Create incentives to stall migration

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Last week, 39 Asian migrants hoping for a better life in the UK suffocated to death in a refrigerated truck.

If you were to hazard a guess, what would you say was the reason behind these 39 leaving their countries? Poverty? Job prospects? Economic progress? In the same week, the United Nations Development Programme released a study, ‘Scaling Fences: Voices of Irregular African Migrants to Europe’. Although this study focused on Africans, we can and should draw vital lessons on both issues.

The study has quashed a common misconception that African migrants leave their countries to escape poverty. It turns out, most of them are well-educated and with jobs in their home countries.

Their chief factors for migrating are closely tied to self-actualisation and a sense that their aspirations can only be fulfilled if they leave home.

This speaks to the feelings of most Kenyan youths. We are constantly disappointed by the quality of governance and services; we cannot help but dream of better days elsewhere.


The government also doesn’t offer adequate opportunities for socio-economic growth to motivate the youth to work hard for their country and grow the economy.

Instead, we look to ourselves to fulfil our aspirations. Where the government had promised to fund our goals, the money has been siphoned by leaders, leaving us depleted and wondering, why even bother? For those who get their aspirations off the ground, ahead is constant red tape, delayed payments and poor government support.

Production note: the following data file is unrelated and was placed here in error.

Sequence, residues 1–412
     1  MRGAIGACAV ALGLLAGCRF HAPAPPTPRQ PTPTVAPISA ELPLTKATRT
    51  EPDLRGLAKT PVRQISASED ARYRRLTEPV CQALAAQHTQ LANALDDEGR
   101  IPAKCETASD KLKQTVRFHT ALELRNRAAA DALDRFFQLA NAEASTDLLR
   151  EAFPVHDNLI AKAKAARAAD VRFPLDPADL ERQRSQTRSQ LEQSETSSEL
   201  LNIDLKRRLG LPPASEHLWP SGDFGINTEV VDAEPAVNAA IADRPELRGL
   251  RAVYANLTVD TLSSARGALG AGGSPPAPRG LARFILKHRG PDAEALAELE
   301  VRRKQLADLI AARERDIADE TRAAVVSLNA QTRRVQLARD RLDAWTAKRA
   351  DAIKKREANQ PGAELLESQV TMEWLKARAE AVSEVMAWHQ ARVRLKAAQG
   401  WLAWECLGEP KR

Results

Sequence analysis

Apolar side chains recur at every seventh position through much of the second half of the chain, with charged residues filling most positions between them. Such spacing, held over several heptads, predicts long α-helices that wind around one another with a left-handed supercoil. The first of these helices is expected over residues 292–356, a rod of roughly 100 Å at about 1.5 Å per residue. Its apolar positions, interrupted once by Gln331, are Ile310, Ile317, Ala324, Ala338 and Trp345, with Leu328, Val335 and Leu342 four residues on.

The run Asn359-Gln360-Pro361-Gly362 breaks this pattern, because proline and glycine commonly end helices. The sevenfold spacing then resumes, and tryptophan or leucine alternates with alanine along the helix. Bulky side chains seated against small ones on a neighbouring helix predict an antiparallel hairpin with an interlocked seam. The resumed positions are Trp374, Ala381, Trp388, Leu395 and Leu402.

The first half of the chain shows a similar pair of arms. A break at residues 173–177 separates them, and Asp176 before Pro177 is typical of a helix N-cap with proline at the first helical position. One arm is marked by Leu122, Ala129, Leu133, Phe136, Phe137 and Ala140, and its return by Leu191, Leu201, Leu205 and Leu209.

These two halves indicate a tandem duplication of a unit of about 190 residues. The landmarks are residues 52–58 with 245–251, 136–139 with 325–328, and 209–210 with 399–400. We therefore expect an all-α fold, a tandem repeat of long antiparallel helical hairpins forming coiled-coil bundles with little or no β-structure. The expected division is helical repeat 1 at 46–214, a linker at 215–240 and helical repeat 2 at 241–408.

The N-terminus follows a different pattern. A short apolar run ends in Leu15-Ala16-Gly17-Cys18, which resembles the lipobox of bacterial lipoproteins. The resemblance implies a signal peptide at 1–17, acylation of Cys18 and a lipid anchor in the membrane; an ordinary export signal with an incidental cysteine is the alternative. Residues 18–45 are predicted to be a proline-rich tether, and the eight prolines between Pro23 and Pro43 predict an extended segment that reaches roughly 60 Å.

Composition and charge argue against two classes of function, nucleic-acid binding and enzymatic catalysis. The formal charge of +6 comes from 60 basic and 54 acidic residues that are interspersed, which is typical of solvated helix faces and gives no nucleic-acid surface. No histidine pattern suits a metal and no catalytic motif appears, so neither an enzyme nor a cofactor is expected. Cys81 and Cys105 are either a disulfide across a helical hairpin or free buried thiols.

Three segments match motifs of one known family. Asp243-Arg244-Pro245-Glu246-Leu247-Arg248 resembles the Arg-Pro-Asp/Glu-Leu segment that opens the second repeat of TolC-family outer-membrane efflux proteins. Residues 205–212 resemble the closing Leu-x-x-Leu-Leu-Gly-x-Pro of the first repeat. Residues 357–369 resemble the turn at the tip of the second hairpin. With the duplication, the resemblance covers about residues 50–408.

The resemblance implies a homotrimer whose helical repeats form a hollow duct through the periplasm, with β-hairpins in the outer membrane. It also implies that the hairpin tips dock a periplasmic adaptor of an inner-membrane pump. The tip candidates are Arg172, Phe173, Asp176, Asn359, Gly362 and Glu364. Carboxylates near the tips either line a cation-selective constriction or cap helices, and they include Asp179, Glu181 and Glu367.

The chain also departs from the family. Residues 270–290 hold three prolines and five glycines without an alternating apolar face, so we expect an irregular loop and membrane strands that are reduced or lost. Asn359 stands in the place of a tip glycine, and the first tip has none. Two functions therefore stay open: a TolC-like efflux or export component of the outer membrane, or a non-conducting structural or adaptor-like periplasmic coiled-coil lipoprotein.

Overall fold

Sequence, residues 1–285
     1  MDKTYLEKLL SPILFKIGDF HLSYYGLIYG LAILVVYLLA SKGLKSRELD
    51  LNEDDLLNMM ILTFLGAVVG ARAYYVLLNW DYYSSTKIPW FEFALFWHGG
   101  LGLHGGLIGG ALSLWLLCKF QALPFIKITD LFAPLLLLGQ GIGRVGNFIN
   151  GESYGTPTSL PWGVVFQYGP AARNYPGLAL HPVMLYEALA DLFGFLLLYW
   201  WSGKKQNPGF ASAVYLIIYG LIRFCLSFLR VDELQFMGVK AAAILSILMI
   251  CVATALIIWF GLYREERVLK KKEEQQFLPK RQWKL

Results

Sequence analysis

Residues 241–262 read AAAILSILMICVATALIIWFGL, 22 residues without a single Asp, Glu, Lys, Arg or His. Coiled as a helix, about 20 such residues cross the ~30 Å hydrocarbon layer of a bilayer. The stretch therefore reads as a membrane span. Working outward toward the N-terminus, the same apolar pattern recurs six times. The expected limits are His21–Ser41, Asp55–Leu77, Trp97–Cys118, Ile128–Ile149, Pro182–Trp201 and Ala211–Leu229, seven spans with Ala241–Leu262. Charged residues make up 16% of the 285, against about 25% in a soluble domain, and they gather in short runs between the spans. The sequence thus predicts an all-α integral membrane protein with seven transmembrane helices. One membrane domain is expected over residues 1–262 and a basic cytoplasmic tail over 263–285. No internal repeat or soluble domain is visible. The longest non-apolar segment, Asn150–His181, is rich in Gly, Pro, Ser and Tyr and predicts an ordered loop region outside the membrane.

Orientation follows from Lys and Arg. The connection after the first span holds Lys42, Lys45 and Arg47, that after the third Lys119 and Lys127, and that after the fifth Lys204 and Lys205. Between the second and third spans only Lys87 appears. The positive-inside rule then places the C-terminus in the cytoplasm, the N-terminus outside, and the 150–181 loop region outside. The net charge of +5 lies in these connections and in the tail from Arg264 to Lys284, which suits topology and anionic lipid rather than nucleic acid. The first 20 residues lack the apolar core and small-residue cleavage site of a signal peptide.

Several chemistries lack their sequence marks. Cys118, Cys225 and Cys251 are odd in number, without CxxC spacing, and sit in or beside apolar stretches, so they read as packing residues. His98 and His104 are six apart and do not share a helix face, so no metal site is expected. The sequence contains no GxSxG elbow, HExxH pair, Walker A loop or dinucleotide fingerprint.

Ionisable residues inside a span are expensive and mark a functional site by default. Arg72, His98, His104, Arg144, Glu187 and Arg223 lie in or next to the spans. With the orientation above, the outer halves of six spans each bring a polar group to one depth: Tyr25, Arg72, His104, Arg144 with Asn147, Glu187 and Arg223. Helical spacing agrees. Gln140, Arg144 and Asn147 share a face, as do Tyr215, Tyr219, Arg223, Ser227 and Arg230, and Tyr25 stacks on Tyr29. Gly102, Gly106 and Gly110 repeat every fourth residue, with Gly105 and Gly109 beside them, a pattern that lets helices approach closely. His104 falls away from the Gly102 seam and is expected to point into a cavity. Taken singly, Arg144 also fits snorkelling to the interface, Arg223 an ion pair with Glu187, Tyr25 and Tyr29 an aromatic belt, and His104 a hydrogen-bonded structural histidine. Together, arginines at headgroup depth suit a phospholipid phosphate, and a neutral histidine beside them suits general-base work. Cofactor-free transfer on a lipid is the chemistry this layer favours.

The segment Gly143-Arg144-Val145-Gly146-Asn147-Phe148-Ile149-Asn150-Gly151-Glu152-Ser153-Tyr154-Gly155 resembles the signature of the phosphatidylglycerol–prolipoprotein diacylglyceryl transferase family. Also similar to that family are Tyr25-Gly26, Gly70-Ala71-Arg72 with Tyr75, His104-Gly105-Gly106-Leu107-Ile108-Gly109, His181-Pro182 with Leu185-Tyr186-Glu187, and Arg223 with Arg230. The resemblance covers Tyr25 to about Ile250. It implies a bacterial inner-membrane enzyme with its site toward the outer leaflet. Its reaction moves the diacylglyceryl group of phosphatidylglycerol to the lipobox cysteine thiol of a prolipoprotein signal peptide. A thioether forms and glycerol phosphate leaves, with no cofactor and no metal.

I will make this plea to the government: The study has recommended you create better incentives for the youth to stay at home. You cannot take for granted their innovation and ambition.

If our talents are going to remain and be used to grow this economy, recognise and reward them effectively with proper functioning systems.

It is ironic that our teachers are constantly gaining recognition abroad, yet the state of our education infrastructure is appalling in some areas.

How many more teachers would gain recognition if all systems were present and functional?

Trite as it may sound, we also cannot keep excluding the youth from national discussions that shape our future.

If we are not being heard and our opinion doesn’t count, we are not being personally fulfilled because the ongoing development is not catering to our needs.

Where, then, is the motivation for us to engage in transformative development in a country where we are not seen, let alone heard? Given the opportunity, many of us would leave to earn the recognition we deserve.

As the study recommended, build an inclusive economy that takes into account our highest demographic, and grant us quality economic opportunities that have the prospect of wealth creation.

It is good to offer economic opportunities, but if they are not of quality to sustain entrepreneurship or job creation for our fellow young people, migration and irregular migration will keep occurring. Let the ease of doing business be inclusive for our growth and that of the country.

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